Cancer progression is accompanied and promoted by MMP-dependent ECM remodeling and desmoplasia (Sternlicht et al., 1999). Genetic or pharmaceutical inhibition impairment of MMPs, and specifically of MT1-MMPs, reduces breast metastasis (Hotary et al., 2003, 2006; Martin et al., 2008). Nevertheless, clinical trials targeting MMPs have failed, which suggests that the role of MMPs in cancer is more complicated (Coussens et al., 2002). Indeed, there is a dynamic and reciprocal relationship between ECM deposition, processing, degradation, and malignant progression. Cancer is best viewed as a dynamic, phenotypically plastic, and highly coordinated tissue remodeling process that is tightly regulated by biochemical and mechanical cues (Friedl and Alexander, 2011). RAB5 and RAB4 endosomes may serve as intracellular hubs that integrate diverse cell-autonomous responses to both soluble and insoluble microenvironmental cues. This would enable fast adaptation of the migratory strategy and ultimately promote tumor cell dissemination. It is thus not surprising that elevation of RAB5A and/or amplification of RAB4A may be selected events in a subset of breast cancers to increase their metastatic potential.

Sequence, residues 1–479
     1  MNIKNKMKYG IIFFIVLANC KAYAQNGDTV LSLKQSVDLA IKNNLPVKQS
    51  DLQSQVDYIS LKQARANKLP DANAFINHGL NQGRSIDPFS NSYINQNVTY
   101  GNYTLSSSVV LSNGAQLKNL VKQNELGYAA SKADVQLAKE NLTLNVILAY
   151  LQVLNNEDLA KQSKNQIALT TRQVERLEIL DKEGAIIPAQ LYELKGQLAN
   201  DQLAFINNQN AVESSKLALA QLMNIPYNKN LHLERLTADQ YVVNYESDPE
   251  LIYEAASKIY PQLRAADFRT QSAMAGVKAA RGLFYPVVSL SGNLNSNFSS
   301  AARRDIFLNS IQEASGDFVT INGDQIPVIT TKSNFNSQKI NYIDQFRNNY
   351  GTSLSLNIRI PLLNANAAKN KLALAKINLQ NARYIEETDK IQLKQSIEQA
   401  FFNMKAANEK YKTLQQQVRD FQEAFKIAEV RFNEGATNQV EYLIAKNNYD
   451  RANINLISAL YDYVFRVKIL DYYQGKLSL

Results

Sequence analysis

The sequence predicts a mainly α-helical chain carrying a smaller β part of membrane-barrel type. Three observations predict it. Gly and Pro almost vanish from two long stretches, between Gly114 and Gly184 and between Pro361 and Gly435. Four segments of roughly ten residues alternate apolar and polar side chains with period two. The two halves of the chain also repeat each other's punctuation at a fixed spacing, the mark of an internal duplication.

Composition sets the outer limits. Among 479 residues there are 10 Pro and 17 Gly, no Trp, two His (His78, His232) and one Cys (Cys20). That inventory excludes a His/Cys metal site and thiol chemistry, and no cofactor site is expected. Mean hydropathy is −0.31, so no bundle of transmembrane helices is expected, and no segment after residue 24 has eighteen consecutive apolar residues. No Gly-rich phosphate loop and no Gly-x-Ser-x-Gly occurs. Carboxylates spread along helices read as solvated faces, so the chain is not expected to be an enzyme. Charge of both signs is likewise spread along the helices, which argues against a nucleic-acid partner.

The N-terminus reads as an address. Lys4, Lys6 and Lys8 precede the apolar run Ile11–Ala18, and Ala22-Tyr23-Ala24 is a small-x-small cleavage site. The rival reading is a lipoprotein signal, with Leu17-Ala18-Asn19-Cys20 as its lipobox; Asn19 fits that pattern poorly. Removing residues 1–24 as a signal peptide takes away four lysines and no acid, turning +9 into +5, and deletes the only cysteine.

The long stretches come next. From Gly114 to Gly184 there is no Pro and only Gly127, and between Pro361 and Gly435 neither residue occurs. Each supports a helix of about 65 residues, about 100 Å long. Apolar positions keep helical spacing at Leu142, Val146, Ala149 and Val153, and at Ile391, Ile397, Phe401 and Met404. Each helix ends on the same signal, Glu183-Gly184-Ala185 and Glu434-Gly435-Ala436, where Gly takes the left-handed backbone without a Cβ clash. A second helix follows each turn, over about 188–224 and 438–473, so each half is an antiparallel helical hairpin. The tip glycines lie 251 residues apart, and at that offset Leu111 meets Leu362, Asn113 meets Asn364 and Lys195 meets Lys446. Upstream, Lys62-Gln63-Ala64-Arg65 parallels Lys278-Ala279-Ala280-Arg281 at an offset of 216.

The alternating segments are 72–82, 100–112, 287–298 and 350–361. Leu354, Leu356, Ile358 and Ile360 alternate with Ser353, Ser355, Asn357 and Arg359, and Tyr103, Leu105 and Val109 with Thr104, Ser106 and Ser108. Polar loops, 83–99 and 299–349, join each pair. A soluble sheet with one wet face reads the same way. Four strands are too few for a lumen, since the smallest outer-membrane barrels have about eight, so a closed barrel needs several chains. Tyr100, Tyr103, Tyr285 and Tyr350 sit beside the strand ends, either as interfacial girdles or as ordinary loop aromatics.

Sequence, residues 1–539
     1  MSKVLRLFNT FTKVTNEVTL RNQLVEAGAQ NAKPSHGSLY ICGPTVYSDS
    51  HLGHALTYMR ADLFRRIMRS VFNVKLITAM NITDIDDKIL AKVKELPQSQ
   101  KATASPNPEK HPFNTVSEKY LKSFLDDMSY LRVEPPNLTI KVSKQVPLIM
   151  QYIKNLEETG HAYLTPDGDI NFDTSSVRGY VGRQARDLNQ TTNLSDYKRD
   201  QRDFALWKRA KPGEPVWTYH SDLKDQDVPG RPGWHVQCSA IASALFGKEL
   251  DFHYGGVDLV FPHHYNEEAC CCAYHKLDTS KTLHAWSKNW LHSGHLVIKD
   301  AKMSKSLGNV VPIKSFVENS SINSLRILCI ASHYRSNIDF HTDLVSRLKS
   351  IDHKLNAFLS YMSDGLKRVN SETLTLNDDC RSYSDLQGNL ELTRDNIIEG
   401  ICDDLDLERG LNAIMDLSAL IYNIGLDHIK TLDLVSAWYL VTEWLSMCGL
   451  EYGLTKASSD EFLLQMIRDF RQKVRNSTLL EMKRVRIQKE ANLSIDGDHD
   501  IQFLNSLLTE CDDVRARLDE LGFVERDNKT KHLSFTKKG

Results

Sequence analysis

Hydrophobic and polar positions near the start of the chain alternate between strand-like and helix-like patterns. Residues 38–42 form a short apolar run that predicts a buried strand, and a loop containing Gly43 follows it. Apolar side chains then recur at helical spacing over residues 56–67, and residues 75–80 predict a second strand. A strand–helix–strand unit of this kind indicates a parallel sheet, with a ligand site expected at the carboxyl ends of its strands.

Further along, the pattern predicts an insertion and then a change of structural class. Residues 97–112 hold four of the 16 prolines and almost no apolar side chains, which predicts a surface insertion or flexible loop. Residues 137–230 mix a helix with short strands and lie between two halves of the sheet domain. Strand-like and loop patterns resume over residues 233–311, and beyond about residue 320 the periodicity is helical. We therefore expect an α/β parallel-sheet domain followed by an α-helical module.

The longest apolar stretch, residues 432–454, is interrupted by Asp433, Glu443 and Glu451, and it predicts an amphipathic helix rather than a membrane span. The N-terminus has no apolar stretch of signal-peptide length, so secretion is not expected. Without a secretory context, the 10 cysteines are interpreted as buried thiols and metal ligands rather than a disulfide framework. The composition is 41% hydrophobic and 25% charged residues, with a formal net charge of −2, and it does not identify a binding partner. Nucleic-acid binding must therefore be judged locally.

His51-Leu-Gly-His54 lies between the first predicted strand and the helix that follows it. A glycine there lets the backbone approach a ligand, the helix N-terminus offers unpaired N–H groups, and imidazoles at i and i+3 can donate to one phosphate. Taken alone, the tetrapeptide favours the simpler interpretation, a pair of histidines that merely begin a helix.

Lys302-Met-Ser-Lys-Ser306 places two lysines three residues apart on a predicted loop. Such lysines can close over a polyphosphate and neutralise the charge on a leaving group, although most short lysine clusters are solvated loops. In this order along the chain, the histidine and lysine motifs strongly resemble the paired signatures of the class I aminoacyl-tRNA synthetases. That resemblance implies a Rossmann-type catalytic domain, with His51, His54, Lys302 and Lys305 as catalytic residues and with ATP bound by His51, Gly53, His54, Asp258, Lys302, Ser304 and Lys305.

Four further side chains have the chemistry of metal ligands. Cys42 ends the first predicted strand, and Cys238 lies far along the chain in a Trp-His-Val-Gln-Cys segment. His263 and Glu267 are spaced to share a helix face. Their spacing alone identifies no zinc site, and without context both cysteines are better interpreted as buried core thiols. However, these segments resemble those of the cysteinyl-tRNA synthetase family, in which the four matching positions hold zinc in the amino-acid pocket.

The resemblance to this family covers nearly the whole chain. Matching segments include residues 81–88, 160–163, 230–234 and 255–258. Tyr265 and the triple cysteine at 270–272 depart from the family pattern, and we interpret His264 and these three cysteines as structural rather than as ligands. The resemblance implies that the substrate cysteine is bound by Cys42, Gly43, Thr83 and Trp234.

Plasmids, antibodies, and reagents

The plasmids pCDNA3–RAB5AS34N-Myc, pCMV–RABA and pCDNA3–RAB5AQ79L-Myc were gifts from M. Zerial (Max Planck Institute, Dresden, Germany). pCFP-RAB5A was gift from A. Sorkin (University of Pittsburgh School of Medicine, Pittsburgh, PA). pCDNA-RAB4AS22N was a gift from P. van der Sluijs, University Medical Center Utrecht, Utrecht, The Netherlands). pEGFP-DYNAMIN2-K44A was a gift from P. De Camilli (Yale School of Medicine, New Haven, CT). pSR2ARF6T44N and pCDNA3.1-cherry MT1-MMP were gifts from P. Chavrier (Institute Curie, Paris, France). pCDNA3-MT1-MMP was a gift from R. Béliveau (Université du Québec à Montréal, Montréal, Québec, Canada). pEGFP-RAB11S22N, pEGFP-RAB4, pEGFP-RABENOSYN5, and pCDNA3-RAB35S22N were gifts from B. Goud (Institute Curie, Paris, France). pEGFP vector was from Takara Bio Inc.

For lentiviral infection, RAB5AWT, RAB5AS34N, and GFP-RAB4AS22N were cloned in the TET ON pSLIK vector.

pEGFP-res WT-RABENOSYN5 containing silent mismatches in the target sequence of RABENOSYN5 oligo 2 (GGTCTATaATGTGCAAaAAGTGTAT), pEGFP-res RAB4-Δ-RABENOSYN5 (W443A), pEGFP-res RAB5-Δ-RABENOSYN5 (I734E), and pEGFP-res RAB4/5-Δ-RABENOSYN5 (W443A and I734E) were provided by Mutagenex Inc.